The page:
Op-Ed: Hunting is Part of National Economic Recovery by Steve Kline

Share

As the days get shorter, hunters and anglers across the Delmarva Peninsula get ready for fall hunting and fishing seasons. The tug of a trophy striper off Bloody Point or a flock of Canada geese setting down into a decoy spread will get the blood of Eastern Shore sportsmen and women pumping faster, and the anticipation for a productive autumn afield is building across the region.

Hunting and fishing aren’t just hobbies on the Eastern Shore, they represent a way of life that has helped to define what it means to ‘cross the bridge,’ both literally and figuratively. Outdoor recreation is a huge economic driver for Delmarva. A duck hunter who launches his boat at Kent Narrows pays the county to use the facilities, fuels his boat up at the local gas station, gets the ethanol build-up knocked off his outboard at the small engine repair shop, and of course buys a hunting license that funds important conservation work all across the region. He buys ice and lunch at the corner deli, and when the day is done relaxes with friends at the local watering hole.

Taken in total, Delmarva hunters and anglers contribute more than $1.5 billion dollars to the economy annually, and support thousands of jobs. Yet in the discussion of creating jobs, or even protecting the ones we already have, outdoor recreation is unfortunately often missing from the conversation.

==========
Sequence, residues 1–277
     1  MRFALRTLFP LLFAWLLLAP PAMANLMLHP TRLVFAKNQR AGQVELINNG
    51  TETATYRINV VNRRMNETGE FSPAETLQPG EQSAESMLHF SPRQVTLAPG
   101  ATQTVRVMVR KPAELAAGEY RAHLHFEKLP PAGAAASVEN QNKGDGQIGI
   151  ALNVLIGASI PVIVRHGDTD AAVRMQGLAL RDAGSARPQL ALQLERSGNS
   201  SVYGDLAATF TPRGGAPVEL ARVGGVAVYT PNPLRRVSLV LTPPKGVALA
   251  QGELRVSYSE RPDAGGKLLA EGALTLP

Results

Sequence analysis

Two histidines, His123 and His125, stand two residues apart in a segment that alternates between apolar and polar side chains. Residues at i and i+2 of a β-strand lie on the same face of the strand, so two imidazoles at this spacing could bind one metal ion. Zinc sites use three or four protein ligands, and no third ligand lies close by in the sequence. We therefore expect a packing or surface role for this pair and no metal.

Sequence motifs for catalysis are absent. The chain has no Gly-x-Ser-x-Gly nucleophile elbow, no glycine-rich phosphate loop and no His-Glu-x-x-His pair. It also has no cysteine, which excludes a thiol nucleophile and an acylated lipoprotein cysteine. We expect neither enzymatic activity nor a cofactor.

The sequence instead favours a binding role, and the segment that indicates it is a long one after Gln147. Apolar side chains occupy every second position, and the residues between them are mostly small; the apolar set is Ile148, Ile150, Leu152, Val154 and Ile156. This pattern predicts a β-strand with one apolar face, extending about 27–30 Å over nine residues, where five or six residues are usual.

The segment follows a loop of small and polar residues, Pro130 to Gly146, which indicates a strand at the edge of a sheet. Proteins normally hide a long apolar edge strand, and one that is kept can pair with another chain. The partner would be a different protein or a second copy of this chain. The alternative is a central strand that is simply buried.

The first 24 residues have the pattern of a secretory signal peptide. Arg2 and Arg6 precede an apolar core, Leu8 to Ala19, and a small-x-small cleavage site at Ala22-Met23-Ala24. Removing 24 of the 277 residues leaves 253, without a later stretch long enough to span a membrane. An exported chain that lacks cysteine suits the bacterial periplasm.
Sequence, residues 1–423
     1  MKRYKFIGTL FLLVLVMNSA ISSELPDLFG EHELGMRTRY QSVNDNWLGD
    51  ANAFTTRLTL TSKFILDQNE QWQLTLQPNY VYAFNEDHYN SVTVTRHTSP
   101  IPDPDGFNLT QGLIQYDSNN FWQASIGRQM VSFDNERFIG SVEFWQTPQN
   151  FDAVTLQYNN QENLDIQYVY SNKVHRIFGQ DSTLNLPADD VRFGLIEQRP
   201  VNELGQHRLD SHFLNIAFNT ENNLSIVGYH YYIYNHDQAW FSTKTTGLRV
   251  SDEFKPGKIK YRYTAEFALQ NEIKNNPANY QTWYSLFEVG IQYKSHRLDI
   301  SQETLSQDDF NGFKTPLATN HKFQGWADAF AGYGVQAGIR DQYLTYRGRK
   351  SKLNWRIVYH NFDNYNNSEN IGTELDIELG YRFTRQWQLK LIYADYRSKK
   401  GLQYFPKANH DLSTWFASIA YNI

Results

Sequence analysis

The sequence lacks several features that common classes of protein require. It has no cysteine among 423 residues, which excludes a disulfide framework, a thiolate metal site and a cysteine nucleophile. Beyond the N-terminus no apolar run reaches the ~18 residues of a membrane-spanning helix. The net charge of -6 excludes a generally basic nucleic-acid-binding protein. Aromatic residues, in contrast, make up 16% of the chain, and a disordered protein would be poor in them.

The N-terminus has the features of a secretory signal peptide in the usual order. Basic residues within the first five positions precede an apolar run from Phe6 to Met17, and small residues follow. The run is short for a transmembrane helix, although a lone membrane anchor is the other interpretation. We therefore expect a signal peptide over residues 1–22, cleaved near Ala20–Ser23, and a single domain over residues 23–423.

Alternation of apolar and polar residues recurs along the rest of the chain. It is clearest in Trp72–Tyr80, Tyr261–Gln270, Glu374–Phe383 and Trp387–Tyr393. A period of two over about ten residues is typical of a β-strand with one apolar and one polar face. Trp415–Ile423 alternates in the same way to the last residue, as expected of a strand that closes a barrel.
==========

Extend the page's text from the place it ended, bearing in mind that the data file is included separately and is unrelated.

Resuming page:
How can policy makers at all levels ensure that the future of hunting and fishing is bright? One great step in the right direction would be to restore the water quality of the Chesapeake and her creeks, rivers, and wetlands by continuing to move forward on the development and execution of the Watershed Implementation Plans. These plans, often referred to as a pollution diet for the Chesapeake Bay, set necessary goals for reducing harmful runoff into the Chesapeake watershed. They present the clearest way forward in a generation of Bay efforts.

Elected officials and interest groups have found it easy to bemoan the cost of the Chesapeake Bay pollution diet. Restoring the Bay has costs. But the costs of inaction are more severe than anyone anticipates. As water quality continues to degrade, the impact on commercial and recreational fisheries, hunting, boating, and other forms of economically important outdoor pursuits will be substantial. When we talk about cleaning up the Chesapeake and restoring water quality, it isn’t just conservation for conservation’s sake. But an integral part of the Eastern Shore’s economic well-being.

Steve Kline is the Director of the Center for Agricultural Lands at the Theodore Roosevelt Conservation Partnership. An avid waterfowl hunter, he lives in Centreville.

About Dave Wheelan

Letters to Editor